-no clinical symptoms
-unilateral, found incidentally
-vary in size
-most are benign
-ring calcifications around cysts indicative for malignancy
Who is most likely to have adrenal gland hemorrhage?
neonates (large size of gland and trauma during birth)
Hemorrhage of adrenal glands in adults:
associated with anticoagulation therapy (liver transplant, surgery, trauma or tumor)
Chronic primary hypoadrenalism AKA
What is chronic primary hypoadrenalism/ Addison's disease ?
atrophy of glands due to insufficient secretions of hormones
-uncommon, usually occurs from autoimmune disorder of TB
Symptoms of Addison's disease:
fatigue, muscle weakness, hypotension, GI disease (managed by administering steroids)
What is hyperadrenalism AKA Cushings?
-excessive glucose production
-pancreas no longer able to produce insulin and diabetes will occur
-protein loss occurs (results in weakened muscle & elastic tissue)
-poor wound healing, susceptible to tearing and bruising
-red welts on thighs and abdomen
-hypertension in 99% of cases
What happens with congenital adrenal hyperplasia?
-deficiency of an enzyme
-overstimulates pathway of an enzyme
-results in virilazation (male characteristics in women)
-glands symmetrically enlarged
-hursitism, ambiguous genitalia, precocious puberty
excessive body hair
-hyperfunctioning or nonfunctioning tumor, mostly benign
-poorly encapsulated tumors ranging in size 1-5 cm in diameter
-difficult to detect with u/s
-may cause Cushings
What do adrenal adenomas consist of?
-lipid filled cells that do not secrete hormones
-single nodule larger than 1 cm
What are myelolipomas
-rare benign tumors of cortex
-found between 4th and 6th decades of life
-most found post mortem
-asymptomatic (fatty and bone marrow elements)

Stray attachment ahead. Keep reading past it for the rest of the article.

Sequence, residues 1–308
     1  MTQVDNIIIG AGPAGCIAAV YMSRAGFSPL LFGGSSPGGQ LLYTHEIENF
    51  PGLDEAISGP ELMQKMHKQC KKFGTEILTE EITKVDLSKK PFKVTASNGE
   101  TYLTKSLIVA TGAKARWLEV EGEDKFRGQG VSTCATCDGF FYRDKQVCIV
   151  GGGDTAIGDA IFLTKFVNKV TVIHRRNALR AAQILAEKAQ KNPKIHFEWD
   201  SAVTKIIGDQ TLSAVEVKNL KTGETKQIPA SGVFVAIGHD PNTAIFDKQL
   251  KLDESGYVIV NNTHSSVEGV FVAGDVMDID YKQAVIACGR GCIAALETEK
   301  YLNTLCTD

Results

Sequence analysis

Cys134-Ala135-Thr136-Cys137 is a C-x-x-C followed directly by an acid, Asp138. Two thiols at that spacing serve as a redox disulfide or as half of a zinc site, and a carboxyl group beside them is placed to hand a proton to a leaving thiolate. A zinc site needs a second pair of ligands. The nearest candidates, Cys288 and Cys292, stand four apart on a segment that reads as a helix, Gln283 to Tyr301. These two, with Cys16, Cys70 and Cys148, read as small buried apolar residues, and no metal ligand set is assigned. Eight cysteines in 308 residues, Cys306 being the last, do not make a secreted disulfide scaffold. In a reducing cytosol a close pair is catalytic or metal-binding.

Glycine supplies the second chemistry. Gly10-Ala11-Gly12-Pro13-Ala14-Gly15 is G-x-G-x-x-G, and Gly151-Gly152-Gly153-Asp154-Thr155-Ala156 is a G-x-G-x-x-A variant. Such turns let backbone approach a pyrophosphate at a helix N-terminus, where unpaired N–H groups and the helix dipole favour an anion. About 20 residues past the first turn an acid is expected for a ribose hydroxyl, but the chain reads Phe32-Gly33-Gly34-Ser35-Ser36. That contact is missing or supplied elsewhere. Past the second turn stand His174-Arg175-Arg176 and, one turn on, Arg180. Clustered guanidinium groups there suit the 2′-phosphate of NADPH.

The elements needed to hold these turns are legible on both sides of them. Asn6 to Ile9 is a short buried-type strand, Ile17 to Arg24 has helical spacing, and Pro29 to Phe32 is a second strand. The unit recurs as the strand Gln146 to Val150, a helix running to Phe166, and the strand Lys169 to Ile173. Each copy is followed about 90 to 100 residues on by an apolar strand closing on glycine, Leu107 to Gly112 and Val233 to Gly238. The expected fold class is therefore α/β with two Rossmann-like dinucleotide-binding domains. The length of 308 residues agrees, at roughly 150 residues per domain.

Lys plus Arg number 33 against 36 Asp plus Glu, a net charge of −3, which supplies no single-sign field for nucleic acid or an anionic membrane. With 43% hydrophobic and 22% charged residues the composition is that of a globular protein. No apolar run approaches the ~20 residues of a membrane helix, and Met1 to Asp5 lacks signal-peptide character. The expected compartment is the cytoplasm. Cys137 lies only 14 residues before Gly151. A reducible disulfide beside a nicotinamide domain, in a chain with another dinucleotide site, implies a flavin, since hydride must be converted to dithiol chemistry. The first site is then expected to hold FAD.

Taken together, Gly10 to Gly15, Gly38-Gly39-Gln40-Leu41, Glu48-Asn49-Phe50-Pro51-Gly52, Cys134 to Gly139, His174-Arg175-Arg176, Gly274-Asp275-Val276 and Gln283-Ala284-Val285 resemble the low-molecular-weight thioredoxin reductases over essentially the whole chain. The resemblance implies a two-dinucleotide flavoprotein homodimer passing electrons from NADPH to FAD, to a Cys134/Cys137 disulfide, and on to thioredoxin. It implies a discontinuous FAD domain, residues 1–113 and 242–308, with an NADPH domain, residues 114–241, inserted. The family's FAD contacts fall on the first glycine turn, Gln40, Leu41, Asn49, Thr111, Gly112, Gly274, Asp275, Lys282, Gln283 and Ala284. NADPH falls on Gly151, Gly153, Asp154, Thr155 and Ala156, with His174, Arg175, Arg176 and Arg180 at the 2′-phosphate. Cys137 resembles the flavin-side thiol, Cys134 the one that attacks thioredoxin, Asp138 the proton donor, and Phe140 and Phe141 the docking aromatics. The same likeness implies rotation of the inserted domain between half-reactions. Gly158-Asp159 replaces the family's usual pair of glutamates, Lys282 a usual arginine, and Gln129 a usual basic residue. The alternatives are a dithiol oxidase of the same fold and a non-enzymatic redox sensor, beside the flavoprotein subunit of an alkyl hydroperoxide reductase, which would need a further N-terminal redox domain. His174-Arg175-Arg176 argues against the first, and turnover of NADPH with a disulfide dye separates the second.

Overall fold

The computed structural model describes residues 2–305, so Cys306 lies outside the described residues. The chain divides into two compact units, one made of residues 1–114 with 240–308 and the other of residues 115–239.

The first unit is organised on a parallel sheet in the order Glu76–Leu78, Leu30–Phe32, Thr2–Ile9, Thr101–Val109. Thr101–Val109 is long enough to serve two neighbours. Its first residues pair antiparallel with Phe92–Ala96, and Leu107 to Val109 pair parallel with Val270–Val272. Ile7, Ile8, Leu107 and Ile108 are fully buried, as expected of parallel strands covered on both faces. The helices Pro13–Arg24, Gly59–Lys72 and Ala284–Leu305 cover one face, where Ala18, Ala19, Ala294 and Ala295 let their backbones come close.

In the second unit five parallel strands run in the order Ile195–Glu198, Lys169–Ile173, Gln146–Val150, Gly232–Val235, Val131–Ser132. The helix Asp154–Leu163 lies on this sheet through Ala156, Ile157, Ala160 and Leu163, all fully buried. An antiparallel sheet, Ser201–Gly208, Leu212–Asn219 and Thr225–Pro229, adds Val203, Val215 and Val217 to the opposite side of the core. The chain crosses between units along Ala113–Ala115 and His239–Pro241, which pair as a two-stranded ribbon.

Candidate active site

Son findings of myelolipomas
hyperechoic mass in adrenal bed
What do adenocarcinomas produce?
Adenocarcinomas that do not produce steroids are:
Son findings on adenocarcinomas:
small mass: homogenous
large mass: necrosis, hemorrhage or calcifications
Adenocarcinomas have what tendency?
to invade renal veins, IVC, HV's, and Rt. atrium
What organs are most often primary for adrenal gland metastisis?
lung, breast, stomach, colon, kidney
What does metastisis of the adrenal gland cause?
Son findings of metastasis of the adrenal glands:
-glands will vary in size and echogenicity
-central necrosis causes sonolucent areas within the tumors
What % of pheochromocytoma originates on medulla?
Incidence of malignancy in pheochromocytoma:
What do pheochromocytoma excreet?
epi and norepi in excessive quantities
Symptoms of pheochromocytoma:
high blood pressure, headaches, tachycardia, excessive perspiration
Son findings of pheochromocytoma:
-large sharply marginated tumors
-significant solid components
-central hemorrhage and necrotic changes are common
-can produce cystic component focal echogenic abnormalities
What is a neuroblastoma?
highly malignant tumor of the medulla
What is the most common malignancy in the adrenal gland?
Neuroblastomas present as abdominal mass in what age group?
children, usually less than 4 years old, 50% less than 2 years
Neuroblastomas can metastasize to what?